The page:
Ok, I will try that, thanks. I am getting a new router any day now, anyway, so I 'll wait and see what I can do with the new one.
Thanks for all the help!
I think your best option is to flash your new (or old) router with a firmware that will provide greater granularity of control (by far) than the stock firmware the 99% of them ship with. For example, if compatible, you can flash your router with the OpenWRT firmware and take it from being essentially a glorified switch to being an actual router you can customize.
These open source firmwares allow you MUCH greater control over QoS setting and with them you can do exactly what you are seeking.
Here is an article that describes this as well as links to three popular firmware choices.
NOTE: VERIFY your router is supported before you flash it as you may otherwise brick it and recovery can be quite challanging.
Bandwidth Management for Home Networks
Personally, I went with OpenWRT and I love it. I can ssh into my cheapo Linksys WRT54g and set iptables rules, monitor QoS, etc. It increases the value of consumer routers many times over.
If you are interested, her is a blurb on my blog about putting OpenWRT on my router last year: Linux on a home router - Mine the Harvest
I just got a new wireless router, a Level One WBR 3600, so I think I’ll play around with its settings before I try something else.
I read the pages you linked to, and what I saw seems quite interesting, although it may be a bit out of my league. I do have a question though: Can I install OpenWRT on this DSL router, or do a have to use a stand-alone router and keep the DSL connection on a separate box? Does the software handle the DSL connection as well?
From what I have seen, I don’t think so, so this means that I will have to fork over another 50 E to get a second machice doesn’t it? Besides, my new router is not on the supported list (although some similar older models from Level One are).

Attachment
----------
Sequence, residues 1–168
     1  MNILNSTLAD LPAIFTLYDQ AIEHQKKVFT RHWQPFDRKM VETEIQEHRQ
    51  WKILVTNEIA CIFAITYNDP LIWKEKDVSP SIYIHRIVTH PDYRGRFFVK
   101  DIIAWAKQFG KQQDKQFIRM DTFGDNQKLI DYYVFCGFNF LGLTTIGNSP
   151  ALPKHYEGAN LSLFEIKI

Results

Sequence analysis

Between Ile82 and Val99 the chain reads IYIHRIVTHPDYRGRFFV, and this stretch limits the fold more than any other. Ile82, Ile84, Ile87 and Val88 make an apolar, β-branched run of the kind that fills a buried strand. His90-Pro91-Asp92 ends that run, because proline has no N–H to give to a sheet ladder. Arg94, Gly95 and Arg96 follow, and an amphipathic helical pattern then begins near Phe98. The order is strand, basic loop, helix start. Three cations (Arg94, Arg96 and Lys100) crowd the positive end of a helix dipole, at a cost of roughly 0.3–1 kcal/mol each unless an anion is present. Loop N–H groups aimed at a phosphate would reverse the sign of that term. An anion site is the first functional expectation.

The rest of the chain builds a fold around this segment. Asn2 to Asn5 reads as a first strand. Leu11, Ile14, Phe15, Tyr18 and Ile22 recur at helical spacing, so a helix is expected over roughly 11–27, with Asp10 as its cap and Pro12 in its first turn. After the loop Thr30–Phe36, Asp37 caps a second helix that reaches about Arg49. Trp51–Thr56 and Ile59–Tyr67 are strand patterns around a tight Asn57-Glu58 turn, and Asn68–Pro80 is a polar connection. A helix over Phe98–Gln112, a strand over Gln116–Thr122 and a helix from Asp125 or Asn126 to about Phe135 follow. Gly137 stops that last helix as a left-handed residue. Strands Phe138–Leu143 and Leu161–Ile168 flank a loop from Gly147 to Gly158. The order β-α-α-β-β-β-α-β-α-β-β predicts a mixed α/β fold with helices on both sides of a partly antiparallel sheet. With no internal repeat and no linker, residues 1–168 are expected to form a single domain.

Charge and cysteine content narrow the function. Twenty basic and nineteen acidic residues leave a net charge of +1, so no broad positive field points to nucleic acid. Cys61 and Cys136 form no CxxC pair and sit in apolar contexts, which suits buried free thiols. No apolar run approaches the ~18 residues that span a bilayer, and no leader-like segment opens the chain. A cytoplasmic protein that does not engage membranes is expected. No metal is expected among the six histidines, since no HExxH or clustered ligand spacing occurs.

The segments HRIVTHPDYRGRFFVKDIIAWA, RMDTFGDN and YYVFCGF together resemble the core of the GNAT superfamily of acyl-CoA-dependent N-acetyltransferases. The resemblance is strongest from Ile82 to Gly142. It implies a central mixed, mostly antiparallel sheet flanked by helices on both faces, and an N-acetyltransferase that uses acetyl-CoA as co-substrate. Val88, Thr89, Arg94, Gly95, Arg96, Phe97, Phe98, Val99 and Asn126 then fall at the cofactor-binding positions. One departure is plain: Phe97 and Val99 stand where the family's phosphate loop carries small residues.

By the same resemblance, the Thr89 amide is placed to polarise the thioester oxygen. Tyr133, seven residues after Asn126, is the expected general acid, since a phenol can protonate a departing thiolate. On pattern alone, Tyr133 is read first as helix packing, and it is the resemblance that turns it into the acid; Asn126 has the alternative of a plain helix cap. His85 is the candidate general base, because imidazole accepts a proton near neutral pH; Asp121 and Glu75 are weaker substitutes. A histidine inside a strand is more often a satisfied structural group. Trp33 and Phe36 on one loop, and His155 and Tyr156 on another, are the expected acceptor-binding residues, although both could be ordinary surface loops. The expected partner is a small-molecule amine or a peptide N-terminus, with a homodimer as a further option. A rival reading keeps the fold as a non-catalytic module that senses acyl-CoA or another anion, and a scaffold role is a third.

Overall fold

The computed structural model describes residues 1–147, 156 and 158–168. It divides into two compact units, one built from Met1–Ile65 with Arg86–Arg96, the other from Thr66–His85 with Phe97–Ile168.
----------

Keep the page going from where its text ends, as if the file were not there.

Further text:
It does sound intriguing though…
I’ll see what I can do with my new DSL router using some of the advice on the web pages you linked.
I would keep the DSL router you have and just buy a very inexpensive router to use for the actual routing (the DSL one would then just be a bridge or just pass everything to the 2nd router, etc.) - you could buy a used Linksys WRT54G, etc. to install the Linux routing firmware of your choice and manage your QoS through it. This would only add a negligible cost, but provide a great amount of flexibility. Get one with at least 8MB, more is better
After using my new router for a couple of weeks, I feel that the old one had a problem with the DHCP server it was running or something, 'cause I don’t have the same problems with the one. I have all sorts of new problems, but my PC doesn’t clog up any more.
The new one is a Level One WBR3600. Can’t say I am thrilled; QoS is fairly basic, but I think it gets the job done. The interface is pretty lousy, with long response times and inaccurate reporting of information. (e.g. number of clients connected is wrong / out of date, etc). Easy to set up, though.
Anyways, I think I am gonna try using the two-router configuration you suggested, as soon as everyone goes on vacation, that is…